"We might not have met until yesterday, but we've been working together for years." ~ Alma
Thanks to Brian (of the excellent Five Branch Tree) for mentioning this brief interview with Paul Auster and his new film, The Inner Life of Martin Frost. (It's a good interview, but rife with spoilers—so beware.) To be honest, I got goosebumps when I read his comment. This post has been in draft form since the beginning of the month, as I was about to discuss...The Inner Life of Martin Frost. To discover that Auster had recently made this into a film was a bit unnerving.
- Page 217: "At some point, we notice that the philosopher's name is written out in block letters across the front of the sweatshirt: BERKELEY--which also happens to be the name of her school. Is this supposed to mean something, or is it simply a kind of visual pun?" Both, of course.
- As an undergrad, I was able to visit Berkeley Castle while studying for a term in England ("Where Edward II was murdered, where the Barons of the West gathered before Magna Carta and where Queen Elizabeth I hunted and played bowls."). There are many stories connected to the place--and it's where I learned that UC Berkeley (and the town) was actually named after the philosopher, George Berkeley (although the British pronounciation is "BARK-ley" and the American is "BERK-ley"). Even though Zimmer doesn't seem to be aware of this, Auster certainly is. (Wheels within wheels within wheels...)
- Claire reads from The Principles of Human Knowledge:
And it seems no less evident that the various sensations or ideas imprinted on the sense, however blended or combined together, cannot exist otherwise than in a mind perceiving them. And again: Secondly, it will be objected that there is a great difference betwixt real fire and the idea of fire, between dreaming or imagining oneself burnt, and actually being so.
- My first real (conscious) encounter with Berkeley's thought came from reading Through the Looking-Glass—actually, The Annotated Alice (brilliantly edited by Martin Gardner), which explains the scene of the Red King sleeping underneath the tree as Alice argues with Tweedledum and Tweedledee about the nature of existence:
“I’m afraid he’ll catch cold with lying on the damp grass,” said Alice, who was a very thoughtful little girl.
“He’s dreaming now,” said Tweedledee: “and what do you think he’s dreaming about?”
Alice said “Nobody can guess that.”
“Why, about you!” Tweedledee exclaimed, clapping his hands triumphantly. “And if he left off dreaming about you, where do you suppose you’d be?”
“Where I am now, of course,” said Alice.
“Not you!” Tweedledee retorted contemptuously. “You’d be nowhere. Why, you’re only a sort of thing in his dream!”
“If that there King was to wake,” added Tweedledum, “you’d go out—bang!—just like a candle!”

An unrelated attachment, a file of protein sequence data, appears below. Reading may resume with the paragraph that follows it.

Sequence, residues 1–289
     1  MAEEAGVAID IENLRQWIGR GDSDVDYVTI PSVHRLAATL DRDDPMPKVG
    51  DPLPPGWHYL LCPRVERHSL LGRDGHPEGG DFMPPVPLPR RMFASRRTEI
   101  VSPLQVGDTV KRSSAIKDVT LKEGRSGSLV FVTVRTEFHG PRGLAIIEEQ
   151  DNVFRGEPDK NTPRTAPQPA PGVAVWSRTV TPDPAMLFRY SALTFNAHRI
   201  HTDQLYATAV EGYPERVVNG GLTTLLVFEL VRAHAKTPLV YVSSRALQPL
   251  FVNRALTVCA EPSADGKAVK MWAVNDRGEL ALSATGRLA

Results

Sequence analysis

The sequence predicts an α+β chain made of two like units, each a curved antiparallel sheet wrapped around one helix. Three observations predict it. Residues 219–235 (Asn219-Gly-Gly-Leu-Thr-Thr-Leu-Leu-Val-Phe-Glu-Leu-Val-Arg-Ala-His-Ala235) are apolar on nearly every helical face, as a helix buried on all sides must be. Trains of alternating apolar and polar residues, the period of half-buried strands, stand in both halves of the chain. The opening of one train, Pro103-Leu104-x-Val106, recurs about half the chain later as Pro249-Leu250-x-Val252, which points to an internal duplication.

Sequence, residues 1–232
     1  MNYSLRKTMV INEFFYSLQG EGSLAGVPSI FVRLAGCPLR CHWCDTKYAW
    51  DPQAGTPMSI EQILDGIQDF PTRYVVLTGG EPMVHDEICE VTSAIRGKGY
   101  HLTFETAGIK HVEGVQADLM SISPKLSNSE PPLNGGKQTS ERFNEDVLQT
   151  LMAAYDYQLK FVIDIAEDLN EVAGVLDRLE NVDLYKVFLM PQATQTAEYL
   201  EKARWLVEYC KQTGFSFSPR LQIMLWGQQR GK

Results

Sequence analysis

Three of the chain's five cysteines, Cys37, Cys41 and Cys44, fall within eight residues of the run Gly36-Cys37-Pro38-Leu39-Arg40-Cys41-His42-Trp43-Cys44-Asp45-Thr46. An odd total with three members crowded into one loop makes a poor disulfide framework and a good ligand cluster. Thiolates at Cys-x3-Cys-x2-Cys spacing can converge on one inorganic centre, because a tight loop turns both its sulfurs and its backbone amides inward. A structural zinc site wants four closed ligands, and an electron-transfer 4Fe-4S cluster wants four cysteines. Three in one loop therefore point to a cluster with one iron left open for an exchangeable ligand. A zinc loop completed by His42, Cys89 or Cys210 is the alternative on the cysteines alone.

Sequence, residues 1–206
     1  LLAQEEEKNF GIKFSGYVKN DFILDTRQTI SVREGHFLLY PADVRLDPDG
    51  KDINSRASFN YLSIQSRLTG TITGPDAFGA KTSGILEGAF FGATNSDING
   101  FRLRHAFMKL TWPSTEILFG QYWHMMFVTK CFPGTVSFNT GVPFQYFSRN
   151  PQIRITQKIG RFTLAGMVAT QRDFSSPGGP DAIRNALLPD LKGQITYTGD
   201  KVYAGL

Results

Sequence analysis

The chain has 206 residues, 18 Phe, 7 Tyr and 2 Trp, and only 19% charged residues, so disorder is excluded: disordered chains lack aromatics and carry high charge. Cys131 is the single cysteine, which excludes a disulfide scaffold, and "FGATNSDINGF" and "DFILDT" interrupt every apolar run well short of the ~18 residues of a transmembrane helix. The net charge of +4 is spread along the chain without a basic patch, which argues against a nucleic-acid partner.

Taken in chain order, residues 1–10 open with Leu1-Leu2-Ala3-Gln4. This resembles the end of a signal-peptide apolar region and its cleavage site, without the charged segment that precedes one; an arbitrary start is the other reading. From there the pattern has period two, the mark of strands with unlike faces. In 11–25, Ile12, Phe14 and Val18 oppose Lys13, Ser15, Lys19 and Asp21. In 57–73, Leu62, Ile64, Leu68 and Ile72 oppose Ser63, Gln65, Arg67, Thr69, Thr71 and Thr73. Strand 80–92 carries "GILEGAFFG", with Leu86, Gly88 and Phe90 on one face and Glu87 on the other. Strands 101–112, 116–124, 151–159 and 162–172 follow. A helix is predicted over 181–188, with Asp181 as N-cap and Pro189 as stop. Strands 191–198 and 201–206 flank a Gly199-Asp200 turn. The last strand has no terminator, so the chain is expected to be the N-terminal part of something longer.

“I shouldn’t!” Alice exclaimed indignantly. “Besides, if I’m only a sort of thing in his dream, what are you, I should like to know?”
“Ditto,” said Tweedledum.
“Ditto, ditto!” cried Tweedledee.
He shouted this so loud that Alice couldn’t help saying “Hush! You’ll be waking him, I’m afraid, if you make so much noise.”
“Well, it’s no use your talking about waking him,” said Tweedledum, “when you’re only one of the things in his dream. You know very well you’re not real.”
“I am real!” said Alice, and began to cry.
“You wo’n’t make yourself a bit realler by crying,” Tweedledee remarked: “there’s nothing to cry about.”
“If I wasn’t real,” Alice said—half-laughing through her tears, it all seemed so ridiculous—“I shouldn’t be able to cry.”
“I hope you don’t suppose those are real tears?” Tweedledum interrupted in a tone of great contempt.
“I know they’re talking nonsense,” Alice thought to herself: “and it’s foolish to cry about it.”
- As Gardner aptly notes,
This well-known, much-quoted discussion of the Red King’s dream (the monarch is snoring on a square directly east of the square currently occupied by Alice) plunges poor Alice into grim metaphysical waters. The Tweedle brothers defend Bishop Berkeley’s view that all material objects, including ourselves, are only “sorts of things” in the mind of God. Alice takes the common-sense position of Samuel Johnson, who supposed that he refuted Berkeley by kicking a large stone. [...]
An odd sort of infinite regress is involved here in the parallel dreams of Alice and the Red King. Alice dreams of the King, who is dreaming of Alice, who is dreaming of the King, and so on, like two mirrors facing each other [...].
- Jostein Gaarder's novel Sophie's World is another obvious example of Berkeley's philosophy at work in fiction. (There are many, many more—feel free to list them in the comments.)